• The fare for the main cabin is $ 73 (1.9x Basic Economy).
  • The cost of the flexible fare in the main cabin is $ 262 (6.9 times higher than the basic economy class).
  • The fully flexible main cabin fare is $ 414 (10.9 times the base Economy Class).

Airlines have worked hard to create fare types for almost any customer, but is there something missing here? What if the consumer wants flexibility at a reasonable cost? Is it logical that the cheapest flexible fare in the main cabin is almost seven times more than in Basic Economy and more than three times more than in the main cabin?

One of the advantages of the main cabin over the basic economy class is that the ticket can be changed for a fee. But this is a useless bonus when the change fee is $ 200 and your ticket costs less than that.

I think that by abolishing change fees, airlines are getting creative with this issue.

Airline pricing is sometimes not so rational

Basic Economy Class will be the new “normal” fare.

Once travel is re-established, airlines may indeed retain the waived non-Basic Economy flight change fees. The catch is that the difference in prices between the “normal” economy and the underlying economy is likely to widen over time.

To be honest, I cannot blame the airlines for this. There is currently no fare for the “big three” US carriers that offers you the flexibility without having to pay exponentially for your ticket. In the long run, we may see an increase in the premium for “regular” economy class by an additional $ 25 per ticket or something.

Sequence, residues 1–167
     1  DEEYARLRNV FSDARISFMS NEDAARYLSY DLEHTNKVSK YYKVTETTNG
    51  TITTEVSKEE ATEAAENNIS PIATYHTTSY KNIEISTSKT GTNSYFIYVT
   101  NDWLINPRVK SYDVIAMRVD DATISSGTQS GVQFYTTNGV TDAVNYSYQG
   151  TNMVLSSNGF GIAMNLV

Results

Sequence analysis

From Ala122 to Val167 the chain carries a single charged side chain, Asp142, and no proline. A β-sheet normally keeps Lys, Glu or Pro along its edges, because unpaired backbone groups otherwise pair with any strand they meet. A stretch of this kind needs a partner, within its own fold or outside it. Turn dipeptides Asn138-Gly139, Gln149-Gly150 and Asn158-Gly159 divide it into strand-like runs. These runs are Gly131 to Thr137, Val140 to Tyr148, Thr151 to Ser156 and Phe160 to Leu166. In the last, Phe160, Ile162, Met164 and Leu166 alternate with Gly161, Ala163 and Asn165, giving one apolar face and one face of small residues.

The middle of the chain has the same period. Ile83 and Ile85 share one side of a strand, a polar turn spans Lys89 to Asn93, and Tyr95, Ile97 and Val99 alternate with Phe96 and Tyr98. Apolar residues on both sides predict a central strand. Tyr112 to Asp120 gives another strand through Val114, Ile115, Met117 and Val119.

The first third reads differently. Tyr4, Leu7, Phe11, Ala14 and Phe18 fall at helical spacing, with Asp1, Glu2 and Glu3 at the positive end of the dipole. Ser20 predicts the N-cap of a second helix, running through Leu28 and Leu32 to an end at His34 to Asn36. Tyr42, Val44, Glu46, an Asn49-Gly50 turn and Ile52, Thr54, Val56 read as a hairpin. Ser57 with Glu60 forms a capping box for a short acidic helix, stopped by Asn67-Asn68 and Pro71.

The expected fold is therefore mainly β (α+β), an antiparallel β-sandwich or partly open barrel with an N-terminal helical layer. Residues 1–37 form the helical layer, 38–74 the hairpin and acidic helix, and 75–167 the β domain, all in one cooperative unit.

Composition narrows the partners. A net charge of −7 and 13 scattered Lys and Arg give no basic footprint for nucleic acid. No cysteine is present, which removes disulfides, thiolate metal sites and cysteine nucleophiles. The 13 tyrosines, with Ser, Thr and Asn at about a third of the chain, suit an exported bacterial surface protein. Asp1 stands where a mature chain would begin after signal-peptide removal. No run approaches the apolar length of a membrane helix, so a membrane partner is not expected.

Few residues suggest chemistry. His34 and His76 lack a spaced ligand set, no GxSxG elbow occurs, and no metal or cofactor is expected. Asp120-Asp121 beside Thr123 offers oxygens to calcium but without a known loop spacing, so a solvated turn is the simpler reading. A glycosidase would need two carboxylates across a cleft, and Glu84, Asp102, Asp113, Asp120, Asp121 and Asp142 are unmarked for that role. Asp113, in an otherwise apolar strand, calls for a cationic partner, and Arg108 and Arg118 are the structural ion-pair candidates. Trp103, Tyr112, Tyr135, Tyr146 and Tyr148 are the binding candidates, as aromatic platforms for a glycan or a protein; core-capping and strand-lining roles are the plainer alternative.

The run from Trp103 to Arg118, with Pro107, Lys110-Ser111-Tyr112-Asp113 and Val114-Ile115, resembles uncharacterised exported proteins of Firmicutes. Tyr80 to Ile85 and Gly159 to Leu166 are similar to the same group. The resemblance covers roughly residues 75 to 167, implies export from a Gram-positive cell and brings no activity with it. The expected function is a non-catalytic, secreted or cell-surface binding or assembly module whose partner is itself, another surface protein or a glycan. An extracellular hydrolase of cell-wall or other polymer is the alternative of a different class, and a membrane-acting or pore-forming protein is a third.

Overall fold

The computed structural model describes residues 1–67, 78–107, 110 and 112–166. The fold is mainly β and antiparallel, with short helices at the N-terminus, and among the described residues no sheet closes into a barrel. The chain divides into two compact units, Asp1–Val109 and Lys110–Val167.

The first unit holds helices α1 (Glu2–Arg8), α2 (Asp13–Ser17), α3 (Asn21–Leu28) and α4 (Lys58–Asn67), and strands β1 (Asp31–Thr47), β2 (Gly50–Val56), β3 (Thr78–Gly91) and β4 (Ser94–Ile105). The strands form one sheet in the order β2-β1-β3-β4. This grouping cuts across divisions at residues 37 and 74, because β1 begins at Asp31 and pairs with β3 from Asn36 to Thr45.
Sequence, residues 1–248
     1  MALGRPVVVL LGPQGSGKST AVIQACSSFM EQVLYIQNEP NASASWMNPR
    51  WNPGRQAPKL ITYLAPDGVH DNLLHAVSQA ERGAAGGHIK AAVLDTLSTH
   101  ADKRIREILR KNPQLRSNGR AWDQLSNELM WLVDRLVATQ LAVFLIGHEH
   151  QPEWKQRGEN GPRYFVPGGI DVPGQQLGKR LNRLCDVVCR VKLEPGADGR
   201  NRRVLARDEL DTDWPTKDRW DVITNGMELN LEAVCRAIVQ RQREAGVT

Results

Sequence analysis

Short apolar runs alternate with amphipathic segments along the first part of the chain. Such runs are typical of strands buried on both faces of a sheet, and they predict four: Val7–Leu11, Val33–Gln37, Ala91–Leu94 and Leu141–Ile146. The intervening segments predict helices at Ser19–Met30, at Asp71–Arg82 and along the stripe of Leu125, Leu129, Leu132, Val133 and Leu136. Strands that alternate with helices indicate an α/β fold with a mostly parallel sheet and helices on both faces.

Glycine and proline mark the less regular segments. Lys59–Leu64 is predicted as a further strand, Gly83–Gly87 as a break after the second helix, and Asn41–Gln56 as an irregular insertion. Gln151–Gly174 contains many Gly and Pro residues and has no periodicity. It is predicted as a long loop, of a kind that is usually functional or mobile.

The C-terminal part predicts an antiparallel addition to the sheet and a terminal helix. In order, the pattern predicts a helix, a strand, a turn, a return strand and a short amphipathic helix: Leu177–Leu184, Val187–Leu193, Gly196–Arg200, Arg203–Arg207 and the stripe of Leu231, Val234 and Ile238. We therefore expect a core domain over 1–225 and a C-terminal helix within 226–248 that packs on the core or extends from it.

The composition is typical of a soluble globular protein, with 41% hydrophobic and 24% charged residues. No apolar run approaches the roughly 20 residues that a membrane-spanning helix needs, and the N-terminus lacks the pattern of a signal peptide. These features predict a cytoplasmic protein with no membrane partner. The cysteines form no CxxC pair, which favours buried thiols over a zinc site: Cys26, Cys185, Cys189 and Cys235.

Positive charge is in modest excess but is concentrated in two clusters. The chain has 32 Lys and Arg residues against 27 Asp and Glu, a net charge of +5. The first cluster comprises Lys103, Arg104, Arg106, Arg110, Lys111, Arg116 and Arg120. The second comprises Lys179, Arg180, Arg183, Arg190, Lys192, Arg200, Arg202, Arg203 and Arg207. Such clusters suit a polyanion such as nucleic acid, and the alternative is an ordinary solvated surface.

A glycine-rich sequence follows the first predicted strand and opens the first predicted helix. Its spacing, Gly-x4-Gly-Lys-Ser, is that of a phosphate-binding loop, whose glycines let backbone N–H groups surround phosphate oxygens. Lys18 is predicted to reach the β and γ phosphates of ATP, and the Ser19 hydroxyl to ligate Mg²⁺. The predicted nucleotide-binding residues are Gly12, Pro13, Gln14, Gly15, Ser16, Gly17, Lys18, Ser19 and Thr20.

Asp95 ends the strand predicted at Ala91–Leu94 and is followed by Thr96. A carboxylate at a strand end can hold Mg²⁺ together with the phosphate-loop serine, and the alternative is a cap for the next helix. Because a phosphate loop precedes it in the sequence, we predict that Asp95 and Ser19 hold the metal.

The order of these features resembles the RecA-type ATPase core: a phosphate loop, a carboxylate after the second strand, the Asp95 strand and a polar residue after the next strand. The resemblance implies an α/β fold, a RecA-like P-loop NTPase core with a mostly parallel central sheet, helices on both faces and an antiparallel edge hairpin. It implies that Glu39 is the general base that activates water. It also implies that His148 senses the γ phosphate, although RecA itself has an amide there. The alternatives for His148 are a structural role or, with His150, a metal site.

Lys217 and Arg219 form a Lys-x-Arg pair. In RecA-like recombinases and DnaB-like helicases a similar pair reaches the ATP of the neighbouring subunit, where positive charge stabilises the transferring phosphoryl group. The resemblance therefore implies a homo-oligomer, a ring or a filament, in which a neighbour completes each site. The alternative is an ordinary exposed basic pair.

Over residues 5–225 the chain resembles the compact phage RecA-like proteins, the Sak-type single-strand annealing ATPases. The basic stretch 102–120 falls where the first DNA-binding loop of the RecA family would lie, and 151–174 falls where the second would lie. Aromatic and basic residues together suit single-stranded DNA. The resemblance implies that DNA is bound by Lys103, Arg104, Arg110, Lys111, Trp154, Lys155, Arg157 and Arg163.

I think that the general intention of this was made clear by American airlines yesterday. In announcing the cancellation of change fees, American Airlines also announced that base class passengers will be less constrained and will be able to pay for seat assignments, upgrades, priority boarding and more.

In other words, if the base economy fare is less restrictive and offers a shared experience, it is much easier for airlines to argue that “regular” economy class is a combined experience for which you should be willing to pay a higher premium.

Expect the cost of “buying” from the underlying economy to rise.

Bottom line

The airline’s elimination of replacement fees is a positive development, and I wouldn’t be surprised if it continues in the long run. However, once travel truly recovers, I expect that the price differential between basic economy and “regular” economy will continue to widen to reflect the fact that regular tickets offer more flexible travel options.